The new Board at the Fillmore Senior Center will have their regular scheduled meeting on Monday, Aug. 25 at the Senior Center at 10:00. It is open to the public. New programs and classes will be discussed. The usual Starbuck coffee and treats will be available before the meeting.
Fillmore Senior Citizens are reminded that the local “Dial-a-Ride” bus is available to pick them up and take them to the Senior Center for the noon meal or classes without charge. Transportation can be arranged by calling 524-2319.
The Senior Center needs additional bookcases, magazine racks and comfortable chairs with arms for their lounge area. Seniors need seating that is high, firm and easy for standing. Anyone who has items to donate may call Marie Wren, 524-4044, for pickup.

 


 

Hundreds of Ventura County residents are on the MOVE to end Alzheimer’s disease at the annual Alzheimer’s Association’s Memory Walk. This year there will be two Memory Walks in Ventura County; one in Ventura and the second in Thousand Oaks. The event raises public awareness and funds for the fight against Alzheimer's disease. In 2007 Memory Walk Ventura County residents raised $79,000 for care and support of those affected by the disease and research for the diagnosis, treatment and prevention of Alzheimer's.

WHEN: Saturday, September 27th ~OR~ Saturday, October 18th
Registration 9:00 am Registration 9:00 am
Walk begins 10:00 am Walk begins 10:00 am

WHERE: Ventura Harbor, Ventura Gardens of the World, Thousand Oaks

HOW: To start a team or make a donation, contact the Alzheimer’s Association www.CentralCoastAlz.org or 805-485-5597.

About the Alzheimer's Association:
Our mission is to provide and enhance care and support for all those affected by Alzheimer’s, to reduce the risk of dementia through the promotion of brain health and to eliminate Alzheimer’s disease through the advancement of research; The Alzheimer’s Association, Central Coast Chapter also has offices in San Luis Obispo and Santa Barbara and serves over 40,000 Alzheimer’s patients and their families every year. Our vision is a world without Alzheimer’s.

 


 
Bob McCullagh, certified instructor and senior advocate with the SCAN Senior Resource Center, demonstrates a stretch technique at the Fillmore Senior Center.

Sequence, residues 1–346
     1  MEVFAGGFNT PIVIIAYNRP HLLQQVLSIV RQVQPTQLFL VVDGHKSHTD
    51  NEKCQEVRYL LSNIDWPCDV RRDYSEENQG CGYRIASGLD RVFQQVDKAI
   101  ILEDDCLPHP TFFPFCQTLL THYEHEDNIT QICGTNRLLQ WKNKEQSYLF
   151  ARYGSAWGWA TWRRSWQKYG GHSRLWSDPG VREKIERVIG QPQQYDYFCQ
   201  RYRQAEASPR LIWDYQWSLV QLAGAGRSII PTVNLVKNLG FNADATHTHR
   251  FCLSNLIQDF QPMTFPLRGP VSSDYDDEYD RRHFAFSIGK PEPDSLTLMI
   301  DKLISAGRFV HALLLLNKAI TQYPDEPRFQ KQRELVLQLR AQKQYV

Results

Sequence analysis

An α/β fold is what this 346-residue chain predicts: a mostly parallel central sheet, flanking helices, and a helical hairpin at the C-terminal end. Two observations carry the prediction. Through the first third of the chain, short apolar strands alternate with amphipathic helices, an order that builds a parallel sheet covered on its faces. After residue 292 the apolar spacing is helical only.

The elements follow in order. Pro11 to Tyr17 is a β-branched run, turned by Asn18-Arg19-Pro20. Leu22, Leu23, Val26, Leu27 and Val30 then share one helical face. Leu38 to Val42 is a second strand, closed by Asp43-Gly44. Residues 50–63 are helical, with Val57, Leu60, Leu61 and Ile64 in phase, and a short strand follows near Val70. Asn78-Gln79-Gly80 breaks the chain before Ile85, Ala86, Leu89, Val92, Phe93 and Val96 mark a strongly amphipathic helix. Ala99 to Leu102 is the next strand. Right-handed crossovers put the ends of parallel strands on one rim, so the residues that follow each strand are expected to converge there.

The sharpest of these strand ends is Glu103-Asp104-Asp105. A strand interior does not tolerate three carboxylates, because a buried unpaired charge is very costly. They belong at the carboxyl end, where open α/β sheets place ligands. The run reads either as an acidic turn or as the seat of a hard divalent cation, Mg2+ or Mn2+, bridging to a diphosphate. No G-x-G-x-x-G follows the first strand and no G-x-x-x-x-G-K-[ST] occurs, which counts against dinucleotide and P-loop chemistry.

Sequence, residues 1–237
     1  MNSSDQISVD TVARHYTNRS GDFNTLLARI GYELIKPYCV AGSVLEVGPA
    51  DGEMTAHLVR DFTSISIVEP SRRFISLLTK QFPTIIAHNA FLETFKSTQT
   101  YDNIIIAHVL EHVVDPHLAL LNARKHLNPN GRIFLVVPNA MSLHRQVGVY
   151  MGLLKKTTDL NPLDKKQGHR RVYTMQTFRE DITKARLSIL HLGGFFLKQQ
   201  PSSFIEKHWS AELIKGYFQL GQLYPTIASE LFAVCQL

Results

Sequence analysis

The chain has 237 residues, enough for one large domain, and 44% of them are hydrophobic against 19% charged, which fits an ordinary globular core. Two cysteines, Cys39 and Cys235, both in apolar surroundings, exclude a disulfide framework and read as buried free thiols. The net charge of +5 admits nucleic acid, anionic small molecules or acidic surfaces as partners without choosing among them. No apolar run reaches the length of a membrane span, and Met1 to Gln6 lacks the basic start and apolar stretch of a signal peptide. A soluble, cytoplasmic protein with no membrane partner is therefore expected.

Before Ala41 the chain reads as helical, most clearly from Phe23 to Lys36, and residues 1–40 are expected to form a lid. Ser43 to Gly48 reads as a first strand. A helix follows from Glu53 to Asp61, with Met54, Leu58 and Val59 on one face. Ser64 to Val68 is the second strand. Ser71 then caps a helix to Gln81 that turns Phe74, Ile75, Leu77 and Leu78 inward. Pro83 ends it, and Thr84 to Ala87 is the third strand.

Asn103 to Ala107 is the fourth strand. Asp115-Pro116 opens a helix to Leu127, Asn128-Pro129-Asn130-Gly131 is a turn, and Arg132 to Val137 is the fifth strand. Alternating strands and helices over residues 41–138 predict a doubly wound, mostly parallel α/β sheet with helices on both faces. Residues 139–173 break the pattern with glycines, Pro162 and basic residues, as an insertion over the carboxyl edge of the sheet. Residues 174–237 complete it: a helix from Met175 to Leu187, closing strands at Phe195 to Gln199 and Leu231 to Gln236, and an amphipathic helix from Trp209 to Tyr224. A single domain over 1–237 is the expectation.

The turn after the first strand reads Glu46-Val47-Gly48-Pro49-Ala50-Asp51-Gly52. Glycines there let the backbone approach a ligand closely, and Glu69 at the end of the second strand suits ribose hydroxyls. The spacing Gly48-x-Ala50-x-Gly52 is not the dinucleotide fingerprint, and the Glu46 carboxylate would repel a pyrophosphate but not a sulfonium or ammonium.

Bob McCullagh, certified instructor and senior advocate with the SCAN Senior Resource Center, demonstrates a stretch technique at the Fillmore Senior Center.
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Fillmore Senior Center and SCAN Senior Resource Center have teamed up to offer a special 90-minute class to help seniors increase their strength, balance, endurance and agility through a home exercise program. "Senior Stretch at Home" will be held on August 8 at the Fillmore Senior Center at 533 Santa Clara St., Fillmore. A free Stretch Band Kit ($10 value) will be provided to participating seniors.
“Physical activity does not need to be strenuous or time-consuming,” said Bob McCullagh, a certified instructor and senior advocate with the SCAN Senior Resource Center. “My goal is to help people discover simple ways to make activity part of their day and help them reap the health rewards of being more active.”
This class is specifically designed for individuals who don't want to commit to an ongoing exercise class. Participants will gain:
• the motivation needed to get started,
• an understanding of what to do, and
• instruction from a fellow senior uniquely qualified to lead them into a higher level of fitness and health.
Refreshments will be served. Call 658-0365 for more information and to register. Space is limited.
For more than 30 years, SCAN Health Plan has been focusing on the unique needs of people with Medicare and today is the fourth largest non-profit Medicare Advantage plan in the United States. The company currently serves more than 105,000 members in Los Angeles, Orange, Riverside, San Bernardino, San Diego, Ventura and Kern counties. In Arizona, SCAN offers a health plan for Medicare and Medicaid-eligible individuals and also provides long-term care services to individuals enrolled in the state’s long-term care system in Maricopa County. Further information may be obtained at www.scanhealthplan.com.